No Kidney from Old Men
At age 71, I've heard a lot about human organ transplants all my life. I was just out of high school when a doctor in South Africa transplanted a human heart into another human in 1967; and it’s a nearly routine procedure now. I even read the other day that some doctors (Scientists? Nutjobs?) in China are contemplating a brain transplant. If that works, I know of several hundred politicians who could use one.
But I never really thought too much about transplants until my wife and I met Keke 9 - 10 years ago. She was just a little squirt with a huge smile and a little mischief in her eyes. We soon learned she had major problems with her kidneys; but as her life progressed, she eventually got a nice new kidney from her Dad. In almost no time, she was no longer a little squirt: she was a big squirt, growing almost as tall as her old grandpa,with a lot of mischief in her eyes.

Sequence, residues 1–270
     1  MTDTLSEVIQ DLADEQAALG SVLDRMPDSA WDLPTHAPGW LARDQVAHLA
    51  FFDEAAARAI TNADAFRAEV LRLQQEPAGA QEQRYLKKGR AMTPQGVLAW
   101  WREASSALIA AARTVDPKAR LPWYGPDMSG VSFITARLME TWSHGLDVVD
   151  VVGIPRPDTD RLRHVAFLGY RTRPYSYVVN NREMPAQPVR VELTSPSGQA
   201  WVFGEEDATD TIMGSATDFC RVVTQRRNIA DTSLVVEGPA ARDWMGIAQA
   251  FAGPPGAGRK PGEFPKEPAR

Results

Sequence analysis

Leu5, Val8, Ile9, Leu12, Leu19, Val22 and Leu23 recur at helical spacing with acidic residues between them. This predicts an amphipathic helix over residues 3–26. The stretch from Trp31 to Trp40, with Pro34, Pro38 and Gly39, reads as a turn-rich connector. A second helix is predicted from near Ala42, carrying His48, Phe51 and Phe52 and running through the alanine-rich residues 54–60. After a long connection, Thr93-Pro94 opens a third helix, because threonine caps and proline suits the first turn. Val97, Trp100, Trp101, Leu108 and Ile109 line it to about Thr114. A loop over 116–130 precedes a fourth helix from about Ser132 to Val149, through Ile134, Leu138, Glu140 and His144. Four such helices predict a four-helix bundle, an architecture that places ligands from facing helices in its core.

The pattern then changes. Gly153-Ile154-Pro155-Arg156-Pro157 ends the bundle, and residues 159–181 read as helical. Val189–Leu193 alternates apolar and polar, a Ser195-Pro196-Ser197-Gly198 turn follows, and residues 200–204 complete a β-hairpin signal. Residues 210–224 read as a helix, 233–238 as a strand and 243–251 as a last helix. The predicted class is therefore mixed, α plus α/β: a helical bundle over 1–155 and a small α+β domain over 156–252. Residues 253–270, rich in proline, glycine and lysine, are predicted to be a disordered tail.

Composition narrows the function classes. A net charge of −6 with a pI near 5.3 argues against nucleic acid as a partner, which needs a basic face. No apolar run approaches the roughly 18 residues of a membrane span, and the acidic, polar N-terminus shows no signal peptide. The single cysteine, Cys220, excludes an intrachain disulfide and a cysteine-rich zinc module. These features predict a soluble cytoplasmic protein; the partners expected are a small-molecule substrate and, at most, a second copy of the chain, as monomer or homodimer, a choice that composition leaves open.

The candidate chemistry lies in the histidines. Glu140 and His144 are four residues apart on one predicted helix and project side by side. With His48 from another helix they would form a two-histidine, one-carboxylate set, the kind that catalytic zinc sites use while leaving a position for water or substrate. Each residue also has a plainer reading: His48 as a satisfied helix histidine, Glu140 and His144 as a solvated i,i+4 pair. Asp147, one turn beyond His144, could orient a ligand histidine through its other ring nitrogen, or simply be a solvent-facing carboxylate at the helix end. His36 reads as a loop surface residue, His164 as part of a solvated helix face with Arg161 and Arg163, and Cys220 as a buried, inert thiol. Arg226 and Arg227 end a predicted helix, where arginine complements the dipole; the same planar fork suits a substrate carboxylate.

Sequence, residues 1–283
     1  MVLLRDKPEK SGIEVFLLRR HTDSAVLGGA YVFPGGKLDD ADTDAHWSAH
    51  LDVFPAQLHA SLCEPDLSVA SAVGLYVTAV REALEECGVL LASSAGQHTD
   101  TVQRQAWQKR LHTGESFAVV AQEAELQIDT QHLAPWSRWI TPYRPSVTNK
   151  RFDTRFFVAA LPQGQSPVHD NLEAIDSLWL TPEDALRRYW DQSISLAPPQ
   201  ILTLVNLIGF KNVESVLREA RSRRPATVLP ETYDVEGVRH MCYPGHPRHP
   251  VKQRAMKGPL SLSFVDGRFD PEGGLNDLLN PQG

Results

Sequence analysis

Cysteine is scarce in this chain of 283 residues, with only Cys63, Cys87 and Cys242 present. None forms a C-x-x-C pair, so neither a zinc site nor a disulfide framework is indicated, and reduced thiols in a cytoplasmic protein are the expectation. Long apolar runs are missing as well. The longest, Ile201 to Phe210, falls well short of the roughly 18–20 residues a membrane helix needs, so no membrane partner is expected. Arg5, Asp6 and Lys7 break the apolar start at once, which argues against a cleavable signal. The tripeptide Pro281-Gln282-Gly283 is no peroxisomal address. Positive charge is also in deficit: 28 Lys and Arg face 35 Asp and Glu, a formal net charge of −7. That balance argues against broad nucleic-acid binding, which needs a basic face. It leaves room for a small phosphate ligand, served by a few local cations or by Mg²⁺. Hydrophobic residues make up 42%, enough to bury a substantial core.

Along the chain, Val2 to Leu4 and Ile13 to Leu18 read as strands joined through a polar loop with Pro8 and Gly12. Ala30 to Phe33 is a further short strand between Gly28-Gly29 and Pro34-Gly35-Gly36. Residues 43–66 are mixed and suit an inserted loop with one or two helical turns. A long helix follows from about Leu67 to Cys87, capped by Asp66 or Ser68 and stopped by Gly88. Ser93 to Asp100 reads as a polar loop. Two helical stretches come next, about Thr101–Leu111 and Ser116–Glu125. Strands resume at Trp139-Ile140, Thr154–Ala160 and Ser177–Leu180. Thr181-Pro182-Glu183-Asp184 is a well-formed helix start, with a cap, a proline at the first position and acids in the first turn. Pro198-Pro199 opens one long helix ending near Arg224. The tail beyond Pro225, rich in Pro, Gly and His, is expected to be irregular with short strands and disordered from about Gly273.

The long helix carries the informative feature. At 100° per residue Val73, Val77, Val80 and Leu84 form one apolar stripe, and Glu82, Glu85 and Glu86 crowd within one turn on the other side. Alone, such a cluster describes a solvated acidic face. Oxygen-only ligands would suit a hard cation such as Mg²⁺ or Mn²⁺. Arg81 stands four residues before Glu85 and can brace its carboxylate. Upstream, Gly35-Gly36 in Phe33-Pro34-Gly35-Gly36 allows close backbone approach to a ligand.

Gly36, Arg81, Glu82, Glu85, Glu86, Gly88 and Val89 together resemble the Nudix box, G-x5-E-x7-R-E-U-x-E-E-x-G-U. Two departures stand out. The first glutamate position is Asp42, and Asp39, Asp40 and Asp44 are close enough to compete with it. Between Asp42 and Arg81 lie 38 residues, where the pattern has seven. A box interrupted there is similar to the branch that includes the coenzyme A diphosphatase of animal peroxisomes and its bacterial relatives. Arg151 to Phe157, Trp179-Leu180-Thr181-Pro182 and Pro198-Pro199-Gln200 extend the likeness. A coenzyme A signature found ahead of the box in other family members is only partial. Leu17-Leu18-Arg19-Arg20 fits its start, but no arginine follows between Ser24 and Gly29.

When Dad's kidney failed her two years ago, I was ready to give her one of mine, without hesitation – and as it turns out, without much thought. Not only am I not the right blood type, at my age, both my kidneys are suffering from my family's heritage of poor kidney health.
So, I'm no donor. I guess maybe most old guys are like that. And, obviously, everything in this story is exactly opposite from the "No Country..." film. In Keona's story, everyone is 100% behind the heroine. But make no mistake: this heroine is single-mindedly on the trail of a new healthy kidney.
Today, I came across a website from Indiana University called “Living Kidney Donation,” and it details everything there is to know about donating a kidney to someone. This old man can’t be the hero here, but he’s thinking that someone, somewhere will click on this page and be eager to change Keona’s life with a new kidney.